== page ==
Pétursson (2015) discusses the evidence concerning the optimality of Iceland as a small currency area in terms of several factors: the cost of maintaining a currency area is relatively greater for a small currency area than for a larger one; operating independent monetary policy in a small currency area makes inflation outcomes less certain because of the greater volatility associated with an illiquid FX market; the currency could become an obstacle for small firms’ competitiveness and expansion into international markets; and the greater volatility of a small currency could contribute to volatility of households’ consumer goods imports, complicating the demand management.
Thorgeirsson and van den Noord (2013) find that the adjustment involving floating rates can come with non-trivial asymmetric costs and benefits. While Iceland’s post-crisis recovery was indeed quicker than in many euro-area countries, the significant exchange rate drop in 2008 caused inflation to spike while nominal wages and debts remained unchanged. Many households experienced a sharp drop in real incomes while firms’ profits increased, particularly in the export sector. An accelerating surge in tourism from 2010 onwards helped pave the way for a recovery of employment and incomes, which improved households’ financial position. Even so, given the considerable increase in real household debt, many Icelandic households faced a solvency challenge that was probably more intense than that of their euro area counterparts, apart from Greece, which was a special case.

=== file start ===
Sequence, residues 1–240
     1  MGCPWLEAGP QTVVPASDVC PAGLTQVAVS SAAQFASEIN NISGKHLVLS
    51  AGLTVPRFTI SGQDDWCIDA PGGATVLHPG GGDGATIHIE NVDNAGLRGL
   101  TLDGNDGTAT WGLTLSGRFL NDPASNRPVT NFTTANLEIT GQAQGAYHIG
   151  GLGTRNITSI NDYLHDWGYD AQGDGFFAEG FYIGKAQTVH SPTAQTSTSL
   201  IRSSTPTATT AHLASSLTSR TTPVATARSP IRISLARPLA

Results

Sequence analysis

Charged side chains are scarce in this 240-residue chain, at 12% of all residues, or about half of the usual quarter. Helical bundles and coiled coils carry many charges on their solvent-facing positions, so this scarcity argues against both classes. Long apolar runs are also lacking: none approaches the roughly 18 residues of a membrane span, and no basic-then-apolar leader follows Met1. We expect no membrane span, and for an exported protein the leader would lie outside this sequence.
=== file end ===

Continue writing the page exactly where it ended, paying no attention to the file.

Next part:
Gudmundsson and Thorgeirsson (2010) describe how the “EU passport” provided for in the EEA Agreement enabled private Icelandic banks to expand their operations into the single market, but without an adequate lender of last resort in foreign currency. This and the difficult resolution process of the failed banks reveal a binding constraint on the financial sector’s participation in European integration on the basis of the Icelandic króna.